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Connectivity Is Key to a Smart City Foundation

What does it mean to be a Smart City and what infrastructure systems do cities need to improve to use data effectively? How do we begin to master plan connectivity at an urban level? This article, recounting IBI’s work on a project in St. Albert, AB, explores these questions.

The City of St. Albert has an ambitious Smart City Master Plan, and citywide broadband connectivity is the foundation that will propel the plan into reality.

Years ago, during the construction of one the city’s main arterial roads, underground conduit was placed to enable traffic signal communication and coordination. At that time copper cable was installed to provide basic connections that allowed signals to be coordinated and promoted the smooth flow of traffic through the city. Recently though, the city faced a traffic jam on its own information network. Leased broadband connections between city buildings and fixed assets from multiple departments were not keeping up with the growth of data on the network.

The city engaged IBI Group to lead a collaborative effort to develop a Municipal Area Network Plan to support citywide objectives. As part of this work, we also evaluated the current state of commercial network services and provided guidance on network architecture and ownership options, along with providing reference case studies of other municipalities. Through this collaborative work with the city’s department leaders, we revealed the need for citywide connectivity to effectively and efficiently support many different priorities, such as:

  • Municipal Information Technology. Fiber optic backbones providing high-speed connections to municipal buildings supporting corporate applications and voice and video transmission. We found many departments were using or moving toward cloud-based applications and other applications requiring high-bandwidth to support their work. These applications supported several programs and services, such as registrations, municipal permitting, information sharing, security, remote/web-based meetings, and more.

  • Intelligent Transportation Systems. Traffic signals, including traffic video monitoring and management systems requiring a robust network infrastructure to support initiatives such as centralized traffic signal coordination and signal pre-emption to allow emergency and other vehicles priority passage through traffic. It was also recognized the future trends with connected and automated vehicles would have growing expectations on network capacity and performance. The same conduit that supported communication on copper wires years ago is being rehabilitated with fiber optic cable and will form one of the backbones to support the Smart City Master Plan.

  • Utility Data Collection. To improve the efficiency of the water utility and service levels to water utility clients, the City intends to automate the collection of water meter readings from over 20,000 water meters using wireless technologies supported by a fiber optic backbone. The data will also support new interfaces and direct notifications adding value from a citizen perspective as well.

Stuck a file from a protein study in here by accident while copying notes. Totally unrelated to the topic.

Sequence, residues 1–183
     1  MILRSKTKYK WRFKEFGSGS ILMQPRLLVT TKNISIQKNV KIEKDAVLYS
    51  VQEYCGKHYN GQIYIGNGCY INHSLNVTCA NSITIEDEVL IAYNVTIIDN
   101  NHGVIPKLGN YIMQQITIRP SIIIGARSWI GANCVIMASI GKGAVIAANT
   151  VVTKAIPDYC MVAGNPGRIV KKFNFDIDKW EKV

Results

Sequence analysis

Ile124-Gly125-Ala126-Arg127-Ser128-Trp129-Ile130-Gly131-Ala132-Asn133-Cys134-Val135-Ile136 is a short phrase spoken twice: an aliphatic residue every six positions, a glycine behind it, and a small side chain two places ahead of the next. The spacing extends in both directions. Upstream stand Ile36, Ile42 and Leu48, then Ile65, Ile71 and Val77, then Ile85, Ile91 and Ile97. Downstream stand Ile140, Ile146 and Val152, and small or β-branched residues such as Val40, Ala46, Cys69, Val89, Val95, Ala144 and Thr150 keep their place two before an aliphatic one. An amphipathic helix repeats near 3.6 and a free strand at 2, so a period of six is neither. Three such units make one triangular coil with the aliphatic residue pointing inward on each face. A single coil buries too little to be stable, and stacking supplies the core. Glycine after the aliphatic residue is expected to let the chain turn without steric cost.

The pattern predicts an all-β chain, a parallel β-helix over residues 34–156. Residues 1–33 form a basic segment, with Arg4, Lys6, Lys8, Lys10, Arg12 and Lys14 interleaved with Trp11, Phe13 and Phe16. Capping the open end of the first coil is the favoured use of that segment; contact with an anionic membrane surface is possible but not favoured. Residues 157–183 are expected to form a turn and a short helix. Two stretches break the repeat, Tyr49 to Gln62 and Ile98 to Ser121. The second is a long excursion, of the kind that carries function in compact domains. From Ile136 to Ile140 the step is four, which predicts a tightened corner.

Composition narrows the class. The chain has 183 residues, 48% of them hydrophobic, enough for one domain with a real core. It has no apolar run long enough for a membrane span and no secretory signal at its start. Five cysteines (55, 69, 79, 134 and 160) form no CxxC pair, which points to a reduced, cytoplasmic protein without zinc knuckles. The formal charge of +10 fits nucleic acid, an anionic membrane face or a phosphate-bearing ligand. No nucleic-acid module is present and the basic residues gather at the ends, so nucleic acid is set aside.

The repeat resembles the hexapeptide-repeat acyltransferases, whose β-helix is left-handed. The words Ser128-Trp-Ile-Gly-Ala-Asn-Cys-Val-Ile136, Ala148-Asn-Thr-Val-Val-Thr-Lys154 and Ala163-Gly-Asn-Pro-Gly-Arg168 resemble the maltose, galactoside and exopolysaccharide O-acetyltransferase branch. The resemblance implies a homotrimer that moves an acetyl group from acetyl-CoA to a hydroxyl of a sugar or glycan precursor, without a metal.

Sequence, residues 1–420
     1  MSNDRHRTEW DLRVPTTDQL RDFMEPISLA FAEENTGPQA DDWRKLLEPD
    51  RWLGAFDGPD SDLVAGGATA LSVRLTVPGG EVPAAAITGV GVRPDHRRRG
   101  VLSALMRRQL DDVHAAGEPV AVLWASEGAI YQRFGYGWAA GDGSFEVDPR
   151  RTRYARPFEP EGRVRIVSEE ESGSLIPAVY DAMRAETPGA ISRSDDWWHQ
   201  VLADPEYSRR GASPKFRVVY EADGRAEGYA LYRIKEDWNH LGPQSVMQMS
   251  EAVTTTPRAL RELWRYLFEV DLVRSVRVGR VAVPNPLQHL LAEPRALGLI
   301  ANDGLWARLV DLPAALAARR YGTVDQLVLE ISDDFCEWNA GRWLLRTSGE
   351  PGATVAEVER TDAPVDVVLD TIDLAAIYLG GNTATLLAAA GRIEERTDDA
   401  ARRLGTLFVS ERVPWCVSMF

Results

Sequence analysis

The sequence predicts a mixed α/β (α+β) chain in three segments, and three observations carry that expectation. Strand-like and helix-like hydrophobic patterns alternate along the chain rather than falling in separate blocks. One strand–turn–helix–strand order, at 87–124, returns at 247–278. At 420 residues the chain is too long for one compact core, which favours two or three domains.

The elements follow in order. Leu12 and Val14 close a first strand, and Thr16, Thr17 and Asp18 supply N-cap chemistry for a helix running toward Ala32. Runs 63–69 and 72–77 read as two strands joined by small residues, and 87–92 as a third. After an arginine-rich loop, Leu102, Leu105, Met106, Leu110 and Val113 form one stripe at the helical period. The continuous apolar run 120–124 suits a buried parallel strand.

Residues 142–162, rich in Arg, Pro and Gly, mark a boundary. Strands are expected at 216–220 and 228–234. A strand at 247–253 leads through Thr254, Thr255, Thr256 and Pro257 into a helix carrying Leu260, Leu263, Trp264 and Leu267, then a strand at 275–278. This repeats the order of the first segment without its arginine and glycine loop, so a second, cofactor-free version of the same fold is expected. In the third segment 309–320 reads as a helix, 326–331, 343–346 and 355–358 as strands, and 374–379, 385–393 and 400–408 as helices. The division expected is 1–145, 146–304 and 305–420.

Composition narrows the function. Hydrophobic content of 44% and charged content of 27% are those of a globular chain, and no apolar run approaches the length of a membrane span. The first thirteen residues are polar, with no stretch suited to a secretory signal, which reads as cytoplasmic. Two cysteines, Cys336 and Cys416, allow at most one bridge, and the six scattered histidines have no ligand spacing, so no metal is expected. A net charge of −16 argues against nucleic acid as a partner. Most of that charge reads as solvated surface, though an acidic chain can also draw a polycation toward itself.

• Situational Awareness and Intelligence. Other departments have plans to implement sensors to track weather and other environmental data, pedestrian and vehicle movements, community noise levels, infrastructure and field conditions, sustainable energy generation, facility performance, and more. This information will also be integrated into analytical applications to support efficient and effective information-based decision making.

The City of St. Albert continues to pursue and support smart city initiatives designed to leverage new data sources, advanced analytics and business information, enhanced communication networks, sensors, performance indicators, and other technological or innovation platforms to make the city more financially efficient, prepared for growth, and responsive to the needs of its community.

“The development of a city-wide connectivity strategy is part of the foundation of St. Albert’s Smart City Master Plan. Thanks to IBI Group we now have a multi-year roadmap that will support the deployment of many of our Smart City initiatives and generate real benefit for our residents and businesses” – Travis Peter, Manager Smart City and Innovation, City of St. Albert.

 

This article was originally published on Smart Cities Council. Photo by Redd Angelo on Unsplash.

Keith Ponton

Keith Ponton is a Senior Systems Consultant with IBI Group, focusing on telecommunications strategy. A professional engineer and business executive with over 25 years telecommunications industry experience, he focuses on providing strategic guidance and advisory services to help cities shape their connectivity plans and support long term Smart City strategies.

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